Type of Torch and how to use them doing Creme Brulée? [Cooking]

2007 Nov 8

I am going to be doing Creme Brulée for the first time for a meal and have decided I am going to invest in a torch based on a discussion I have had on Chow hound but I am still not decided on whether to get the Creme Brulée torche or just a plumbing torch.

I thought I would ask here in addition to Chow Hound, as I know we have some very knowledgable foodies here!

I understand that the plumbing torch will do the job and that the Creme Brulée torches take longer, but I am wondering if I might be better off with the Creme Brulée one as it would be less difficult for me to use and probably more forgiven as it takes longer.

Anyway, all advice is appreciated and I have a few specific questions:

With regards to the plumbing type torch:

1) how long does it take normally to do the sugar on the Creme Brulée?
2) what angle do you hold the torch at (I am assuming its 45 degrees and moving it around a lot so the flame just touches the sugar)?

With one of the smaller torches: same questions -

1) how long does it take normally?
2) what angle do you hold the torch at (I am assuming its 45 degrees and moving it around a lot so the flame just touches the sugar)?

Roughly, how much sugar is used to coat the top of each creme brulée?

Any other tips would be appreciated.

Thanks to everyone for their help!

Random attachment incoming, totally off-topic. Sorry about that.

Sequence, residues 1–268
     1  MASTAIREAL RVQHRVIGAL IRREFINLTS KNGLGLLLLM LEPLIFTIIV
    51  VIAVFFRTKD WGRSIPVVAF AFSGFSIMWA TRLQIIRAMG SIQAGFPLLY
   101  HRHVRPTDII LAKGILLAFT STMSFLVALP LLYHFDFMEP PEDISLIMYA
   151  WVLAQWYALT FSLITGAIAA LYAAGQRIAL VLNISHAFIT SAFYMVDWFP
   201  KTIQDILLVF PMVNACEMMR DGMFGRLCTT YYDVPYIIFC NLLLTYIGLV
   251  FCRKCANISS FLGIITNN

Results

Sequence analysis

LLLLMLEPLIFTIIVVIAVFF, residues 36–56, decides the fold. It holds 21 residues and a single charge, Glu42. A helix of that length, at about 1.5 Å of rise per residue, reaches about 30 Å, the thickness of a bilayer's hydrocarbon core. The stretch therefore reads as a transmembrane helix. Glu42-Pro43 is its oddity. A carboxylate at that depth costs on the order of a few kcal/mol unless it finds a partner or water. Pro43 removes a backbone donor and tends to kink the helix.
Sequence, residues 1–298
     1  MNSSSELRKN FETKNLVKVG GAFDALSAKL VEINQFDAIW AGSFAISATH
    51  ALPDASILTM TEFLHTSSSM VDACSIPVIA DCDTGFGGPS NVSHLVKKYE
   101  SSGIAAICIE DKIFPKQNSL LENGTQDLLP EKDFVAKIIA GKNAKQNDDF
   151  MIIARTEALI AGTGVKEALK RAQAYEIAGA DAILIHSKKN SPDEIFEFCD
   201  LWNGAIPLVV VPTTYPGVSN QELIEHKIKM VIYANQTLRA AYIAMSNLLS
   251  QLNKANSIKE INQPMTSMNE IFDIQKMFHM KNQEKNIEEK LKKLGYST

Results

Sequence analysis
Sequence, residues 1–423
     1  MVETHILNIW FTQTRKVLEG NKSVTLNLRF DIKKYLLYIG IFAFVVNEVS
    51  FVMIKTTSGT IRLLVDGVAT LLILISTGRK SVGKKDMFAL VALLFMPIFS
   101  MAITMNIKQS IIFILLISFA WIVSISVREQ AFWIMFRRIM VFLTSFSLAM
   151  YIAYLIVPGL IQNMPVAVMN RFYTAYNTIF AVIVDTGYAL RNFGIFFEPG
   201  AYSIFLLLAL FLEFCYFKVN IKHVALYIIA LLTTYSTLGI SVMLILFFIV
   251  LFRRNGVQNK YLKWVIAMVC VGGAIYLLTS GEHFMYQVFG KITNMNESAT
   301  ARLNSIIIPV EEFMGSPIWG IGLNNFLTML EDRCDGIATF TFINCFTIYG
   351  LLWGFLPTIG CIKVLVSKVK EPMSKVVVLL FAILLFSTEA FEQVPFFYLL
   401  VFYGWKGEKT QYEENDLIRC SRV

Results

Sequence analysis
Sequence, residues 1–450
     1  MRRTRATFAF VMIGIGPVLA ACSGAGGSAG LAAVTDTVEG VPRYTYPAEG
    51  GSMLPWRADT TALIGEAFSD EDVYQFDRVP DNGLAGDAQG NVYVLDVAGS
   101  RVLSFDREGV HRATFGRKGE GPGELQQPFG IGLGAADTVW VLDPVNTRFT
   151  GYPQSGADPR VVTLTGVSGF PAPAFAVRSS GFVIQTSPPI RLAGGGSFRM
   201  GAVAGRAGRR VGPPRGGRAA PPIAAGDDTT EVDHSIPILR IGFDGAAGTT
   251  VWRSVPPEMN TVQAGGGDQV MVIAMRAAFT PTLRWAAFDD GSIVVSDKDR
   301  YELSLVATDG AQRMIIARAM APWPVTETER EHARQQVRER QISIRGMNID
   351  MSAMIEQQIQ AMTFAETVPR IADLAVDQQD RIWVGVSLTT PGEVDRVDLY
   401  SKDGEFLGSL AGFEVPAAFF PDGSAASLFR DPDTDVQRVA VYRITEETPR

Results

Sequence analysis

2007 Nov 8
The decision of which torch is in my opinion one of space, usage, and $$$. If you already have a plumbing torch.. then I'd say just use it (that's what I do). Some comparison below:

PlumbTorch BruleeTorch
---------- -----------
Cost $15 to $25 $45 and up
Size bigger smaller
Storage not in kitchen in kitchen
Speed < than 60 seconds not sure

I have to admit I like the added horsepower of the plumbing torch. The methodology that I use is as follows:

1. put brulee cups in freezer for 10 or so minutes before preparation. The point is not to allow the custard to freeze, but to make it and the dish very cold, so that when you heat the sugar, it doesn't melt your custard too.

2. I put 3 to 5 millimetre of sugar on top of custard, evenly spread out.

3. Angle of flame is not really important from the perspective of technique, but I use close to 90 degree when I can. The angle is important from the perspective of putting the heat on the sugar, and not on the container (hence the 90 degrees)

4. With the bigger torch, you have to keep the flame moving (until you get an idea of how fast it will melt the sugar), and of course once it starts going brown you can usually remove the torch as the exothermic caramelization should take care of the rest.. but once again.. you'll see what I mean after the first couple tries.